“It is our express wish that the government grasps the serious consequences this ill-considered code will have on its ability as a country to attract international investment and re-investment to the DRC, and to refer the code back to the ministry of mines for further consultation with the industry,” says Bristow.
Officials, however, are confident the code will demonopolize the industry and allow the country to enjoy a percentage of the profits made from the exploration of its resources. Albert Yuma Mulimbi, Chairman of the state-owned mining company Gecamines, says it will be renegotiating its contracts with international mining partners operating in the DRC.
Regulation is not the only issue facing mining in Africa. The former president of Nigeria, Olusegun Obasanjo, in his official address, highlighted that creating a sustainable environment for emerging miners is no simple task. He said the industry is marred by a lack of transparency as well as a legacy of mistrust of major miners. The mining industry has been accused of pursuing profits at the expense of its workforce.
Solutions to these issues need to be found.
Apart from the emergence of junior miners, the mining industry in South Africa is looking at technological advancement to resuscitate the sector.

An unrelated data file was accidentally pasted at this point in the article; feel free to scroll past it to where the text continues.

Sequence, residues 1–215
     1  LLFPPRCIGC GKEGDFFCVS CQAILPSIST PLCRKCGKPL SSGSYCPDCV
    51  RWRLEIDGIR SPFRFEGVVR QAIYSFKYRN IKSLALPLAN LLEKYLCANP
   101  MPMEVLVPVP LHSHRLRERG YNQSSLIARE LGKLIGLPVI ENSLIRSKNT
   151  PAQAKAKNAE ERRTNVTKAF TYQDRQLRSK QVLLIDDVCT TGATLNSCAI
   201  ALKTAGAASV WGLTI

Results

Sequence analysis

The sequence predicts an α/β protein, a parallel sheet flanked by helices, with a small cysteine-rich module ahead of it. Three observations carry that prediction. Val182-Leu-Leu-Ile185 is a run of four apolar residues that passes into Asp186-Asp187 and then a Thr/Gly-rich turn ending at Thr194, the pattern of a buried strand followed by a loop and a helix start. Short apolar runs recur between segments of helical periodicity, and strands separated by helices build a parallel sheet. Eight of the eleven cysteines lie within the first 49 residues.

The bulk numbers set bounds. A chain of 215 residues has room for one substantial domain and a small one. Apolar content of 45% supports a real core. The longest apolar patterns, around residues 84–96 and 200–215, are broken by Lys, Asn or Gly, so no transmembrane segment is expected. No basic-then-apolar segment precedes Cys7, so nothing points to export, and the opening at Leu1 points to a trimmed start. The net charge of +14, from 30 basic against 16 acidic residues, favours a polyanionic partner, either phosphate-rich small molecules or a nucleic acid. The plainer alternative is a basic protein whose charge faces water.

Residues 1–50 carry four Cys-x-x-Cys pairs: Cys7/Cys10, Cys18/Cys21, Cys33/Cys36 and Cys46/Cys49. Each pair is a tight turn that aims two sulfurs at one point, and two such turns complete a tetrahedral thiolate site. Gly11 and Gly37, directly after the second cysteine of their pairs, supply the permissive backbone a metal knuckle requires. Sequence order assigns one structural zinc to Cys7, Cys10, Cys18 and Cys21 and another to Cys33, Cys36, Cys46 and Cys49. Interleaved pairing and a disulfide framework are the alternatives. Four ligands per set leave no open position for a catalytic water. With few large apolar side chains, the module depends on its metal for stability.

“Technologies like robotic process automation and artificial intelligence will enable core mining activities to be performed from locations that can support a more diverse and inclusive workforce,” reads Deloitte’s Tracking The Trends report. “These new technologies will turn the mining value chain upside down, disrupting both existing business models and the traditional roles and relationships among mining companies and their customers, suppliers, and even competitors.”
This is the kind of disruption that excites another junior miner, Olebogeng Sentsho, who’s a disruptor herself as a young woman emerging in the mining industry. She is the founder of Yeabo Mining, a company that specializes in erecting and operating waste management plants at mines.
“In order to make headway in this industry we need greater support and space from various stakeholders. The increasing cost of mining, especially when discovering alternative minerals in decommissioned mines, is immense,” she says.
Sentsho says Yeabo Mining will need R50 million ($4.1 million) for infrastructure needed to mine in the current climate.
“It’s not an easy ride but it’s one worth hanging onto and I am confident about the future and the markets we’ll be serving as Africans,” says Mareda with a smile and genuine hope.